After a long period of gestation, the  package of comprehensive labour reforms put forward by Matteo Renzi, leader of the centre-left Partito Democratico (PD), has finally become law. Significantly the so-called Jobs Act has been welcomed with enthusiasm both domestically, by big businesses and entrepreneurs, and internationally. It has been argued that Italy is sending a positive message to Brussels, spelling out its commitment to increase the flexibility and dynamism of its inefficient and unproductive labour market.

Needless to say, the road towards the approval of the Jobs Act has been tortuous to put it mildly. The main source of controversy lay in the scrapping of the dogmatic Article 18 of the labour code concerning the protection of employment by unfair dismissal in firms employing more than 15 workers. Since 1970, the infamous Article 18 considered null each dismissal that occurred without just cause thereby forcing workers’ reintegration onto employers even at times of economic hardship. Regardless of his left-wing leaning, Mr Renzi regarded the Article as an obsolete constraint that not only prevented firms from hiring, but also sabotaged Italy’s attractiveness in the eyes of wannabe foreign investors.

Contrariwise, Article 18 was tirelessly defended by the Italian Confederation of Labour (CGIL) and other trade unions that viewed it as an acquired privilege and an undeniable right for workers. Paradoxically this social parachute was not applicable to the workforce employed by trade unions. In fact workers employed by political parties and organised labour alike saw themselves deprived of such tutelages.

Ironically, this contradiction did not prevent the CGIL form protesting and disparaging the reforms, relentlessly making the case that the abandonment of the Article intelligibly undermines workers’ rights vis-à-vis their employers. Also, leftists and progressives vocally oppose the government’s decision to reduce employment protection to the detriment of fairness and social justice as a means of launching economic growth.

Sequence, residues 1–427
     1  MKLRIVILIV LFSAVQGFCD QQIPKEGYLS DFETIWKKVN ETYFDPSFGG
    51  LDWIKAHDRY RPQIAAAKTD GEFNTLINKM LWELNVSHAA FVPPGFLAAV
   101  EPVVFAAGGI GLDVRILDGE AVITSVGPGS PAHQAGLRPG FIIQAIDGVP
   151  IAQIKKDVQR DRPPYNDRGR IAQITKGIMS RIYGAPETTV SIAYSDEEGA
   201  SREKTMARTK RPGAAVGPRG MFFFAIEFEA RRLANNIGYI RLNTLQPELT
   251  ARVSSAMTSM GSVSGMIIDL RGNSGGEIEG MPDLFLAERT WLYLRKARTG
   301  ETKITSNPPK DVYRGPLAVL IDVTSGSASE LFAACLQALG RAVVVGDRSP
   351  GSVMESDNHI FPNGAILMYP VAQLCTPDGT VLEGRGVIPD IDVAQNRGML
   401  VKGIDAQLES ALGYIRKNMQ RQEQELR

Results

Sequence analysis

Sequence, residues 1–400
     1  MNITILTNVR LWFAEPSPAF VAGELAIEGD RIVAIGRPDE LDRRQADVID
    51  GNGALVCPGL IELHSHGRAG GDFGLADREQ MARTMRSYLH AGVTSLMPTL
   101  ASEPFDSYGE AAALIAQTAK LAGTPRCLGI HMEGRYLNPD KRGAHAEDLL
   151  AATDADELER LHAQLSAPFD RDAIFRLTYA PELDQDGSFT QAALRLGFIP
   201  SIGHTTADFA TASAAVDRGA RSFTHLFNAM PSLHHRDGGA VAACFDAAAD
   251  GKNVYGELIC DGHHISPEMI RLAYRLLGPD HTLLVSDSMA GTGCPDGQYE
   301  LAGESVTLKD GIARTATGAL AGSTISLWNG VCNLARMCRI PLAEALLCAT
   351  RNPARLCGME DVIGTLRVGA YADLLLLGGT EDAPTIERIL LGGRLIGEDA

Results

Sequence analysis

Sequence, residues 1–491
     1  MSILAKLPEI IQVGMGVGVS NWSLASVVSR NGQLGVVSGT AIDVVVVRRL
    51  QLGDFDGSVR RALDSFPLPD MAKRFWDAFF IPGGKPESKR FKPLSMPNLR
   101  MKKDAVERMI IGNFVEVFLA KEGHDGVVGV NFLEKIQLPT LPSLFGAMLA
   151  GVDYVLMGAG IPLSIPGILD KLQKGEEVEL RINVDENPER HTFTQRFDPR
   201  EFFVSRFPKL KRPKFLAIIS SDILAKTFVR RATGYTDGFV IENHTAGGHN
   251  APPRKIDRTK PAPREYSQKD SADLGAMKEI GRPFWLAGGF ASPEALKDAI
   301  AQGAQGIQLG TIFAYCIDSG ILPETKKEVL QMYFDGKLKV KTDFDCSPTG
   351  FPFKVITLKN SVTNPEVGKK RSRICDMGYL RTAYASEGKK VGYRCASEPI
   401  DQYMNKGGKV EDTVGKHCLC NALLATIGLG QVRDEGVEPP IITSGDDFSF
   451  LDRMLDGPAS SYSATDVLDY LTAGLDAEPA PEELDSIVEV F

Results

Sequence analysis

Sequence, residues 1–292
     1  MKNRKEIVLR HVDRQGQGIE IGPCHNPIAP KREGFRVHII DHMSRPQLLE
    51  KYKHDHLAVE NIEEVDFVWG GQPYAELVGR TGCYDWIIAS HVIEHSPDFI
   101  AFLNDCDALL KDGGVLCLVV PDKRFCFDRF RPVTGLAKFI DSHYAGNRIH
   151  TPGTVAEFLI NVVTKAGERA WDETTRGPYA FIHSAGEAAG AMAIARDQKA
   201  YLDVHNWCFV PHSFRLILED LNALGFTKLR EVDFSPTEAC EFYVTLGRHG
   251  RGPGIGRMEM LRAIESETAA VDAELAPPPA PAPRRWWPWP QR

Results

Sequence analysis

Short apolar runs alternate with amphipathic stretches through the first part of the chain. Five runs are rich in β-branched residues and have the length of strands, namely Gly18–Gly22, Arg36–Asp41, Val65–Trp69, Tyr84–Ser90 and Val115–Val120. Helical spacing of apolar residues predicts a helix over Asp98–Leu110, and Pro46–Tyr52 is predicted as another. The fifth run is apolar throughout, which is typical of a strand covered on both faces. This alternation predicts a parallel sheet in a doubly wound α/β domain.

Additionally the Five Star Movement (M5S), Italy’s populist anti-euro party, whilst agreeing that Italy’s labour market is in desperate need of reforms, challenge the notion that the Italian economy will be magically reinvigorated by adding some flexibility to the labour market.  They avouch that in order to increase economic output, the Italian government should be focussing on measures to cut taxes, reduce bureaucratic constraints on small businesses and halt tax evasion. Ultimately the abandonment of Article 18 has been dismissed firstly as a measure to please the Troika made up of the EU, the European Central Bank and International Monetary Fund, and secondly as a mere ‘gift’ to multinational corporations. Significantly, many business owners operating on Italian soil will tell you that Article 18 is, in fact, trivial, due to the fact that the vast bulk of businesses are small size or family-run hence beyond the Article’s reach.